I would make the suggestion that law enforcement is not purely a local problem. Look at what is happening in the Gulf States right now. Law enforcement is a national concern and requires a national response and a national commitment. Local communities need robust police departments. They need superior communication technology and equipment. I know my friends in the Commerce Committee know more about the spectrum fight, which I will not get into now, than most do, but the idea that there is not sufficient spectrum available to our first responders because the broadcast industry is unwilling to commit to the deal they made is beyond me.

Local communities are the ones that not only affect the overall security of the country but the day-to-day lives of their citizens by reducing crime. This also helps local governments be better at responding in periods of crisis. What could be more important to the national priority than the safety of our citizens?

We simply have not been doing right by our States and local government partners over the past few years. Throughout the 1990s we allocated billions of dollars to hire local law enforcement, provided them with the technology they needed. We all know the story. Reduce crime each year for 8 consecutive years and we are still reaping the benefits of those successes as crime rates still go down.

I would like to point out one other simple fact. Having chaired the Judiciary Committee or been its ranking member for I think 17 years and being on that committee for 30 years, to the best of my knowledge, there is no other time in American history when the cadre of those in their crime-committing years, meaning young people between the ages of 14 and 25, have increased and violent crime has gone down. This program has worked because the States have made it work. We reduced crime, as I said, 8 years in a row. But we did more than reduce crime by this legislation we have cut so drastically. We also demonstrated a commitment to local agencies. We increased their capacity to respond to any situations of the local communities.

In this year's budget, we have allocated only $2 million to hire police officers. This amount will hire approximately 25 officers throughout the Nation, hardly a ringing endorsement of our local agencies. Right now, the COPS office has pending applications to hire 8,000 local officers left unfilled due to lack of funds. The amendment I am offering today would provide $700 million to immediately fill these needs with special emphasis on filling the needs of those agencies in the devastated regions. The New Orleans Police Department in particular will need special assistance. If this funding is allocated to the COPS office, it should work with those agencies first.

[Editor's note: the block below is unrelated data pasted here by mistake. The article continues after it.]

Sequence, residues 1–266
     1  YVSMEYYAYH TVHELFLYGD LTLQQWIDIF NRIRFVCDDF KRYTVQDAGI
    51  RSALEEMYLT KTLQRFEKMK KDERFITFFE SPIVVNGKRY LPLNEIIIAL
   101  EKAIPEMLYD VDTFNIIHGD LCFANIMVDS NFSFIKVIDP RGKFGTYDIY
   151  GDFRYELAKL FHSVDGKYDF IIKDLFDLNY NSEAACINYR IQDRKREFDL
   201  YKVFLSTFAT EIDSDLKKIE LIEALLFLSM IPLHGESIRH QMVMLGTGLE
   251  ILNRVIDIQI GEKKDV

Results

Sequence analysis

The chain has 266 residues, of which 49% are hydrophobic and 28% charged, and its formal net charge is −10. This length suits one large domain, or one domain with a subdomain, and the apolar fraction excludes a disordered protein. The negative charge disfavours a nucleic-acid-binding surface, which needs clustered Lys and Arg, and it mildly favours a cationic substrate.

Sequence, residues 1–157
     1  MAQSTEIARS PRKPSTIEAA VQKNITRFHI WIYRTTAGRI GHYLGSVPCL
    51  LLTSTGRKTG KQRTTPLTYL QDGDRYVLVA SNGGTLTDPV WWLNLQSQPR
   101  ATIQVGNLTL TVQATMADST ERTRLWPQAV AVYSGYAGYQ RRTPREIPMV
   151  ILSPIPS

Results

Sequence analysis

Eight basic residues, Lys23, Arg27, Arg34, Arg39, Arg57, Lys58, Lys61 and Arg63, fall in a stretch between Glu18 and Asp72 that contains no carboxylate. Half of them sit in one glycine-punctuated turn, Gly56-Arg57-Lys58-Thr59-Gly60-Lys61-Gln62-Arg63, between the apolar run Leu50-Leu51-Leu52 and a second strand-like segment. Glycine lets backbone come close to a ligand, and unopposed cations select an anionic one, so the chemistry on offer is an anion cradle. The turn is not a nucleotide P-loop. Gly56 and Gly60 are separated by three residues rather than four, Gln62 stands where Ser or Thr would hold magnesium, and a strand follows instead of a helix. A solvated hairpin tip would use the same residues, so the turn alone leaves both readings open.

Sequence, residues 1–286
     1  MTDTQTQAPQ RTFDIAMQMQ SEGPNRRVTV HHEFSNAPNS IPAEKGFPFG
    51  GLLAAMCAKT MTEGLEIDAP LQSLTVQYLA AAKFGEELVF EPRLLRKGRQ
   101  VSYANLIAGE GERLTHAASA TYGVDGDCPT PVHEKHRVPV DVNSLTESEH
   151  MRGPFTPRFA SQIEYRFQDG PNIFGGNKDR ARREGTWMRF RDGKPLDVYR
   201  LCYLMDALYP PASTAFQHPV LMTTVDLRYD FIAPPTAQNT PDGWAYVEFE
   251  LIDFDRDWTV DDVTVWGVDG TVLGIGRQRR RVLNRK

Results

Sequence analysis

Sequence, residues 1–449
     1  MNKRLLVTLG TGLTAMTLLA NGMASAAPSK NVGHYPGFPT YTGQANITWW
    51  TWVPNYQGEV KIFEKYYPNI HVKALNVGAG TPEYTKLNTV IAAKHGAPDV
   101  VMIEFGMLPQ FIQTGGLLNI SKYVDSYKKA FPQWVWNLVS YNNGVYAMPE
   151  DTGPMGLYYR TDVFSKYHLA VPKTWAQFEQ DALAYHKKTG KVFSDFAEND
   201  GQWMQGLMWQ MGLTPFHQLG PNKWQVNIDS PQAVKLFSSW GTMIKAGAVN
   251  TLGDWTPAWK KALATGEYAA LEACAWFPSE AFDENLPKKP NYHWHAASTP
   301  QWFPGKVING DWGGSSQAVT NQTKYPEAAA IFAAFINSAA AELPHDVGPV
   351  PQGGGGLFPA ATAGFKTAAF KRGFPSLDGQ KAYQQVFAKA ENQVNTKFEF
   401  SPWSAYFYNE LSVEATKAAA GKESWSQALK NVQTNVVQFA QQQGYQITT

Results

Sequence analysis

We also know that network capabilities of agencies in the area have been destroyed. We need to help them get those networks back on line so they can continue to do their job. My amendment would add $300 million to the current allocation of $37 million, which is all that has been allocated. It would add $300 million to help agencies in the gulf coast get up and running again. The COPS office has had an overtime program to help local agencies pay overtime. We all understand the need to assist local agencies that have been working around the clock, but based on conversations with the Louisiana Association of Chiefs of Police and the National Sheriffs Association, it is my understanding that the Federal Emergency Management Agency will be reimbursing local agencies for those costs. Because of this understanding, we have not included additional assistance for overtime in this amendment.

Finally, we include $19 million for children who have been displaced and to support the domestic violence shelters that have been destroyed. The National Center for Missing and Exploited Children has reported that over 1,000 children have been displaced by this storm--that means they are not with their parents or guardians--and in this amendment we provide $10 million for that effort.

We also provide $9 million to support domestic violence victims impacted by the storms. We all heard of the reports of sexual assaults in the aftermath of Hurricane Katrina, and we will support those victims who have not been moved to new shelters.

In addition, this funding will support the shelters in Louisiana, Mississippi, and Alabama that have been impacted and will help support shelters in adjoining States that have been called upon to do much more in the coming months.

I think all of my colleagues have heard me say that I believe there is not a more important responsibility in Government than the safety of its citizens. It comes before their health, before their education, before everything. There are no civil liberties, there are no opportunities if one is not able to be safe on the street. Without safety and security, nothing else matters. Our local law enforcement agencies are there every day fighting crime and responding to emergencies. Hurricane Katrina demonstrated quite starkly the way we rely on them. The Federal support for these officers has been on a steady decline, as I said at the outset, the past few years. We need to reverse that trend. This amendment will help us get back on track.

I thank the Chair and I yield the floor.

http://thomas.loc.gov/